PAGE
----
High Profits Even in Slumping Markets

Posted by: Chris Palmeri on November 15, 2006

In October, the average San Diego home sold for $485,000, a 5.5% decline from October of 2005. The actual number of homes sold was down 21% year-over-year. But that doesn’t mean all those sellers were losers. Hardly. According to research from First American Real Estate Solutions, a real estate data unit of title insurer First American, the average home seller in San Diego made a profit of $243,000 that month. That’s the different between the price they bought it at, five years ago on average, and what they sold it for today. First American calcuates that only 6% of San Diego sellers lost money on their homes, most likely because they bought it in just the past year. The story looks even better in other parts of Southern California where home prices have held up better than San Diego. In San Bernadino County, east of Los Angeles, the average home seller made a $203,000 profit on the typical $360,000 home. That’s an average annual return of 25% over the four-year average holding period. The First American data is a reminder that many people still have a tremendous amount of equity in their homes, even if some their neighbors have had to lower their asking prices.

Reader Comments

drbrightside

November 14, 2006 11:59 PM

I think that is great perspective, especially if you consider the leveraged return is much higher. Even in the "frothiest" of markets, 94% of the sellers are making over $200k. Tough to beat that in the stock market.

I linked this article to my blog. I try to discuss some of the good things going on out their in the economy.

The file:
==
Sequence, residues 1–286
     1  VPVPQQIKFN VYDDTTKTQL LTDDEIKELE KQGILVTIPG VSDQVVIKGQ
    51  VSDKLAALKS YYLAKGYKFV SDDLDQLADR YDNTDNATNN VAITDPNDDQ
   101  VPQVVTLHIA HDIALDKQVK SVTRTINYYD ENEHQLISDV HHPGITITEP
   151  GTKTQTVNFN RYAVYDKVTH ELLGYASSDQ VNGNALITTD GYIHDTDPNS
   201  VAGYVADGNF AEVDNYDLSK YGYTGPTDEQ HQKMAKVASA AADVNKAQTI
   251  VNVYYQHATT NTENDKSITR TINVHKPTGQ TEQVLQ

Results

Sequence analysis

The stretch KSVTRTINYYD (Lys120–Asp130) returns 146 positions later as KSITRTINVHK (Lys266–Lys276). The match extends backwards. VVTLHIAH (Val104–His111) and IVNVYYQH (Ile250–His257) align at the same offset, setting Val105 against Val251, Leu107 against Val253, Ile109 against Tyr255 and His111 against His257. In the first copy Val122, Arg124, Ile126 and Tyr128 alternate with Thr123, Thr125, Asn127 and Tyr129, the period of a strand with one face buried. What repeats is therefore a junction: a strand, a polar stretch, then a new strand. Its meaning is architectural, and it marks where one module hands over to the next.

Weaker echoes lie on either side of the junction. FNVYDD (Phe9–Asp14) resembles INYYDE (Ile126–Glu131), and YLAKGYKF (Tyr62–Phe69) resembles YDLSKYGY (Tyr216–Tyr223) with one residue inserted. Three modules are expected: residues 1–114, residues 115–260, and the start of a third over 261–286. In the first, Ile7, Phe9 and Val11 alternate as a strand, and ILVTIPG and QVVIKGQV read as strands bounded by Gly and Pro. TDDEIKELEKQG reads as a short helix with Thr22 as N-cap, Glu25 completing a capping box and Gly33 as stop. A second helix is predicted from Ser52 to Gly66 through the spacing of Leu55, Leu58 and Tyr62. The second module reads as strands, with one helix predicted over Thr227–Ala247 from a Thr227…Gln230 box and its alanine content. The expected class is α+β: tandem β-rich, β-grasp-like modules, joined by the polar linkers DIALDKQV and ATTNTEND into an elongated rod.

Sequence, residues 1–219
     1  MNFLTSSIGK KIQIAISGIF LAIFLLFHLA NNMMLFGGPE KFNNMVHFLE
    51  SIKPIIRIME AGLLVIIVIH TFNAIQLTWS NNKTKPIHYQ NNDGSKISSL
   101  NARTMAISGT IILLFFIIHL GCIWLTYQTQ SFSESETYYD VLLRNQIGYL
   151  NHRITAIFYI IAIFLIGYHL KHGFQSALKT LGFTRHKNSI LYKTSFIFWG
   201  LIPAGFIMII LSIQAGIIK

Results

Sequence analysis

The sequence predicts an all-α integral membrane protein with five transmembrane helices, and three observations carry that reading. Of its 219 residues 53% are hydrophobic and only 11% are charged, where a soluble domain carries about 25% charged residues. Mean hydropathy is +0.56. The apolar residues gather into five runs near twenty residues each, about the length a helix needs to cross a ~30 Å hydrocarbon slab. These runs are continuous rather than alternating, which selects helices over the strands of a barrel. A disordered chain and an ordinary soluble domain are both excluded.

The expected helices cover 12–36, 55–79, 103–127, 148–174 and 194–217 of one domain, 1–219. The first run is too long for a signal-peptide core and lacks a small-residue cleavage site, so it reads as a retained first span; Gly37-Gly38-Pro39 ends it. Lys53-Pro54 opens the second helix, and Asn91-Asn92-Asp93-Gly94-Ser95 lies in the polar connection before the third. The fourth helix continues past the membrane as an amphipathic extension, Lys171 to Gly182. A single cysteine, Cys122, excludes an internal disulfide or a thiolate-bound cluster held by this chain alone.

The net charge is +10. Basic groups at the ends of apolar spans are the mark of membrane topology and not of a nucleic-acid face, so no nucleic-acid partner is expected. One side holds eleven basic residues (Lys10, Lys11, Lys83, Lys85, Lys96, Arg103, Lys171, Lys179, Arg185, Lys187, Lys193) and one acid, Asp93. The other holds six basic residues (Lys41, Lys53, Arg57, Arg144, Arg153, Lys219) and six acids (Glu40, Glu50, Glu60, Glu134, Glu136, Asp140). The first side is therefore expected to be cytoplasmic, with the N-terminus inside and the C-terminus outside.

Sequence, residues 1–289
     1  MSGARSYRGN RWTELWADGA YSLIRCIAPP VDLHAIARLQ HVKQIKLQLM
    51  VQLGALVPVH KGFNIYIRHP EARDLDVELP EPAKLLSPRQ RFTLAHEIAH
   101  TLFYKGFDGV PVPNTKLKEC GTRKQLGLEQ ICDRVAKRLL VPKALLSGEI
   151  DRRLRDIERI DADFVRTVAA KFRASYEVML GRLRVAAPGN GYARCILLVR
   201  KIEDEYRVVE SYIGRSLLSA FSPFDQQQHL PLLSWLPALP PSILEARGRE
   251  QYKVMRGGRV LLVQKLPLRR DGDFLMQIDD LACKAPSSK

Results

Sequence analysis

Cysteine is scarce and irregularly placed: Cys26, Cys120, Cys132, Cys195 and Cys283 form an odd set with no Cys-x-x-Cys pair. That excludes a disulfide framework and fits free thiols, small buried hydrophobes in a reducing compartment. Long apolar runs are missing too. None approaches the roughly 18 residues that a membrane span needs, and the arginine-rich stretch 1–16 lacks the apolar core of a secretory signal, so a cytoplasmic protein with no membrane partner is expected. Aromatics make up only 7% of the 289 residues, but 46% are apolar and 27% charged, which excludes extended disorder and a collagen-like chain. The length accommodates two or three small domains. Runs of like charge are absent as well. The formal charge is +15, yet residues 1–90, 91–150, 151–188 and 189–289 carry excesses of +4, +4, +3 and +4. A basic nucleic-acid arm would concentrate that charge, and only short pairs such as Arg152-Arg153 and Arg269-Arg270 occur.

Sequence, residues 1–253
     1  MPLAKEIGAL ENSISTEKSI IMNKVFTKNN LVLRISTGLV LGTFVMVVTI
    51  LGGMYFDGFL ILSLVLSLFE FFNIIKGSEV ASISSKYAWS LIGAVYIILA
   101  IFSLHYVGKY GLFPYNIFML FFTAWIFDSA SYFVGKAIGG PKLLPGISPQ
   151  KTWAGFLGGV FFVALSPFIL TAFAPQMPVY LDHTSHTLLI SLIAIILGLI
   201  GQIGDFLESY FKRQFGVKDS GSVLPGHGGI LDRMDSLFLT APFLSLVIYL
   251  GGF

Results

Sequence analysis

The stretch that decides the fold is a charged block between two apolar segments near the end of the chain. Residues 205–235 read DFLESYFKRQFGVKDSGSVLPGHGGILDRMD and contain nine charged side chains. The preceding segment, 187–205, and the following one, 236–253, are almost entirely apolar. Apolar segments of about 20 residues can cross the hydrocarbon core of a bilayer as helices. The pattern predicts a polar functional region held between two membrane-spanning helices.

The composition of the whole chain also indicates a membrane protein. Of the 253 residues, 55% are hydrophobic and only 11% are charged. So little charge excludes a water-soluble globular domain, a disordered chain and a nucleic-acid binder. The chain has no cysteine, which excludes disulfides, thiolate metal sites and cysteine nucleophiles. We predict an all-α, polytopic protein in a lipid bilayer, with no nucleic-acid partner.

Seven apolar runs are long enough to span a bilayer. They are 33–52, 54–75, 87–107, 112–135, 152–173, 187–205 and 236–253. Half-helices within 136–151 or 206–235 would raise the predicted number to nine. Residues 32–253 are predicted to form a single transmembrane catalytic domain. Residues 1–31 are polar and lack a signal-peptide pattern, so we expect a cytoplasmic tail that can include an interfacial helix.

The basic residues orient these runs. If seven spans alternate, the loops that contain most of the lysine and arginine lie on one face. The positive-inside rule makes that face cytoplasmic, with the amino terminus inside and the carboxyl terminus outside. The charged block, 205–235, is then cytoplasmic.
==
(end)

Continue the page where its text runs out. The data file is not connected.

http://drbrightside.blogspot.com/

Brock Harris

November 16, 2006 3:19 PM

You made a very common error in calculating return on investment when it comes to real estate. A $203,000 profit in four years with a downpayment of 20% (and most people in the last few years are putting down 10% and even 0%) has a higher return than 25%. 20% of $360,000 is a $72,000 downpayment. So these sellers turned $72K into $203K in four years. I don't know what that return is compounded, but they almost tripled their money. And those people who put 5% down, well, they made almost 12 times their money in four years.

lizziebeth

November 17, 2006 1:21 PM

The key to this article is that those homes that are lucky enough to sell in this market are making a killing. Some areas of Florida, only 4% of listed homes sold in October. So, 4% of the sellers made a killing. The article just proves that housing is way overpriced! There are no fundamental reasons that homes should have doubled or tripled in 4 years time! What goes up most come down. Those that are selling at the peak and as it comes down are making a killing! Unfortunately, the people that buy these homes may find themselves under water. For every victory there is a loser.

RonG

November 17, 2006 3:34 PM

"That's an average annual return of 25% over the four-year average holding period."

I did better on my stock and bonds over the past 4 years. S&P was in the 800's in 2002 and now sits at near 1400.. thats 75% return.

That 25% does not include property tax, maintenance and does include exclusion of $250K for single tax payer.

As real estate prices decline, the paper gains will be flat if anything.

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About

BusinessWeek editors Chris Palmeri, Prashant Gopal and Peter Coy chronicle the highs and lows of the housing and mortgage markets on their Hot Property blog. In print and online, the Hot Property team first wrote about the potential downside of lenders pushing riskier, "option ARM" mortgages and the rise in mortgage fraud back in 2005—well ahead of many other media outlets. In 2008, Hot Property bloggers finished #1 in a ranking of the world's top 100 "most powerful property people" by the British real estate website Global edge. Hot Property was named among the 25 most influential real estate blogs of 2007 by Inman News.

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